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Thursday, 21 November, 2002, 00:01 GMT
Warning over eye 'under-treatment'
Eye test
Study raises concerns about standard practice
One method used to correct children's short sight may not help them - and could actually do harm - research has suggested.

The practice of "undercorrecting" short-sightedness, or myopia, is not recommended by optometry bodies as a way to deal with the problem, and leading members have hotly disputed it is carried out at all.

But experts have told the BBC it has been used for decades when prescribing glasses or contact lenses.

New Scientist magazine reports a study by a British optometrist who intended to confirm the practice works.

But rather than prove the technique had merit, he was forced to cut short his work when it became apparent that children's eyes were actually getting worse.

The findings have raised concerns that millions of people worldwide may have worse eyesight and may even be more likely to go blind because they were given a treatment that does not work.

Optometrist Professor Daniel O'Leary, of Anglia Polytechnic University in Cambridge, studied 94 children in Malaysia.

The study was meant to run for three years, but was cut short after two years when it became clear that the children's eyesight was getting worse.

Strong evidence

Paul Adler, of the College of Optometrists, said: "It is the strongest evidence I have seen in this field.

"It could change prescribing practice worldwide."

Short-sightedness is caused by the inability of the muscles in the eye to flatten the lens enough to focus light from distant objects directly on to the retina.

Instead, the point of focus is in front of the retina, leading to a blurred image.

Glasses correct the problem by moving the focal point back onto the retina.


It has never been accepted practice to undercorrect children or adults in this country

College of Optometrists
But when people wearing normal glasses look at close objects, the focus point is usually behind the retina.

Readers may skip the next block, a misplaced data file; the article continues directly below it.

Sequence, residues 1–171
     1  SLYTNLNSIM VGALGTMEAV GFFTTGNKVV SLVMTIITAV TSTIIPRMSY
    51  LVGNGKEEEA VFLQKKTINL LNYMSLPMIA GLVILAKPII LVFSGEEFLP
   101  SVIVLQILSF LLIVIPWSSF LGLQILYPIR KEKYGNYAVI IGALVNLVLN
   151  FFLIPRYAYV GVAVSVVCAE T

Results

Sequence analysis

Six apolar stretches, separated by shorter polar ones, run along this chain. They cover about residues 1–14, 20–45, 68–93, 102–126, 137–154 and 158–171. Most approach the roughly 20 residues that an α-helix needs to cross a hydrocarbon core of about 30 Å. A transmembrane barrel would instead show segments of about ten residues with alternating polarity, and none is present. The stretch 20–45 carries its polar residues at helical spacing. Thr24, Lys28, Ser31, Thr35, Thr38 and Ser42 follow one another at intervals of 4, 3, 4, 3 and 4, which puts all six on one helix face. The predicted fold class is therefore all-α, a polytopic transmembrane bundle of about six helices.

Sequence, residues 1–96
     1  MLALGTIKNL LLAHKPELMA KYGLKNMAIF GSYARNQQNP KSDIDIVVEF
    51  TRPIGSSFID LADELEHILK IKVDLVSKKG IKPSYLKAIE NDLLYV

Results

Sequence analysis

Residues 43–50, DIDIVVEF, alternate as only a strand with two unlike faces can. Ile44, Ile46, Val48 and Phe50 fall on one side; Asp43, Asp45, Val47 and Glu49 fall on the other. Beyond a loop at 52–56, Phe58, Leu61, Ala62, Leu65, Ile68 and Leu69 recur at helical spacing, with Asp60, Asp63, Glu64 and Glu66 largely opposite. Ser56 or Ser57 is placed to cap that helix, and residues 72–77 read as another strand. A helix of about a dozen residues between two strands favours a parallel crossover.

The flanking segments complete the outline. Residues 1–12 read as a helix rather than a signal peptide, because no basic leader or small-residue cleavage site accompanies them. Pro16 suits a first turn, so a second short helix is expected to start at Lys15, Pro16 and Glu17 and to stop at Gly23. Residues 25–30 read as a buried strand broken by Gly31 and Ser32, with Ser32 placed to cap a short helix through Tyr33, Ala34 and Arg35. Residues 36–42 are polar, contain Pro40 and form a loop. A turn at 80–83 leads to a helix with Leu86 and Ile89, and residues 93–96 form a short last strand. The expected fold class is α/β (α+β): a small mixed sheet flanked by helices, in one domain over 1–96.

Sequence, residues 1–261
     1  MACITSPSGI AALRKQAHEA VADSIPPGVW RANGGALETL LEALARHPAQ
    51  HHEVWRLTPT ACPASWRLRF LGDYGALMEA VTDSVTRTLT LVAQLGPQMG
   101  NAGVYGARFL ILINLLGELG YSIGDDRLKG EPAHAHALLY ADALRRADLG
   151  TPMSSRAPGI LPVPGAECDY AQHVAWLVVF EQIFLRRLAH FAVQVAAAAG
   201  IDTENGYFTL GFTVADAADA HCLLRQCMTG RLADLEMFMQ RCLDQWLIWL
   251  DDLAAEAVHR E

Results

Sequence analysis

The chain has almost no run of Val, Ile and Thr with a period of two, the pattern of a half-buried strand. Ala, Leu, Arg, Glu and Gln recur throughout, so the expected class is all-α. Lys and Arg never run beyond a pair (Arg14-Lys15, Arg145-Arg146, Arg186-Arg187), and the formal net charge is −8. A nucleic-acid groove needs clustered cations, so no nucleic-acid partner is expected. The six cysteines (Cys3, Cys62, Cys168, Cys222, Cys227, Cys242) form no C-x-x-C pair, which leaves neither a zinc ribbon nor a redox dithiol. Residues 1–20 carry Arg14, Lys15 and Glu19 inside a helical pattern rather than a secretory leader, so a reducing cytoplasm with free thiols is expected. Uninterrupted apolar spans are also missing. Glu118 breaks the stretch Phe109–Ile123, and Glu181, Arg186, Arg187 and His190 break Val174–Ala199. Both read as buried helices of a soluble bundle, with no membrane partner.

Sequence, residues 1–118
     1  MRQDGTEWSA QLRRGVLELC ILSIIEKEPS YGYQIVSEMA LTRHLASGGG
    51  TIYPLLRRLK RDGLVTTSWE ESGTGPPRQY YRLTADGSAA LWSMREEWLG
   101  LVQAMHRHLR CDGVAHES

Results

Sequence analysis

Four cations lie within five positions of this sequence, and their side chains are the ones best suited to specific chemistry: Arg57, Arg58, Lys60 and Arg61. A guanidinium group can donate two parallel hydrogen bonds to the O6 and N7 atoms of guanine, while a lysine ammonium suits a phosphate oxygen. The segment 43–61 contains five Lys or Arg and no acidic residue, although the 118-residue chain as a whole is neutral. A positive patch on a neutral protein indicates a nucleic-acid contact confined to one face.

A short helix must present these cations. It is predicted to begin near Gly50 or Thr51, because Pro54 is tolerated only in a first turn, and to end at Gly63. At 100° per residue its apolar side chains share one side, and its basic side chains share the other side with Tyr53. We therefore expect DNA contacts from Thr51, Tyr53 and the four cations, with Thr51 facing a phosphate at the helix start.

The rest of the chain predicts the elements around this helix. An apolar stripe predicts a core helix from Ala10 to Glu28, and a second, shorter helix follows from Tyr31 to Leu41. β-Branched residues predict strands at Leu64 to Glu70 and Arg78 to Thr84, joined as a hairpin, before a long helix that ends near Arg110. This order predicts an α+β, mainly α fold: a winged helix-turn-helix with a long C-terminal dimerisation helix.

The theory is that to try to "refind" this focal point for near objects, their eyeballs actually elongate.

Not only does this make distance vision even worse, it also increases the risk of serious eye diseases such as retinal detachment, glaucoma and retinopathy, all of which can lead to blindness.

According to this theory, undercorrection should help stop the eyeball elongating.

When they undercorrect, optometrists prescribe a lens that focuses light from distant objects just in front of the retina, rather than exactly on it.

Theory


No glasses is the worst option of all

Professor Daniel O'Leary
However, the theory is based on the scantiest of evidence - a study of just 33 Japanese children in 1965, and animal studies involving chicks.

Professor O'Leary's team undercorrected the sight of half the children, and fully corrected the rest.

Then they measured the length of the eyeball with ultrasound every six months.

They found that the eyeball elongates faster when vision is undercorrected.

As a result, the vision of the children with undercorrected short-sightedness deteriorated more rapidly.

Professor O'Leary believes the eye cannot tell whether the focal point is in front of the retina or behind it. Instead, it just grows backwards if the image is out of focus.

"No glasses is the worst option of all," he said.

"But don't undercorrect. Go for full correction."

Frank Munro, president of the College of Optometrists, told BBC News Online that the practice of undercorrection was no longer used.

However, he said it had been employed by optometrists in the past.

In an official statement, the College of Optometrists said: "The suggestion that optometrists have been routinely undercorrecting short-sightedness when prescribing glasses or contact lenses in the UK is incorrect.

"It has never been accepted practice to undercorrect children or adults in this country."

 WATCH/LISTEN
 ON THIS STORY
The BBC's Gill Higgins
"The findings have come as a complete surprise to many opticians"
Professor Daniel O'Leary, New Scientist magazine
"It is potentially serious in some cases"
See also:

03 Apr 02 | Health
23 May 01 | Health
28 Jun 02 | Health
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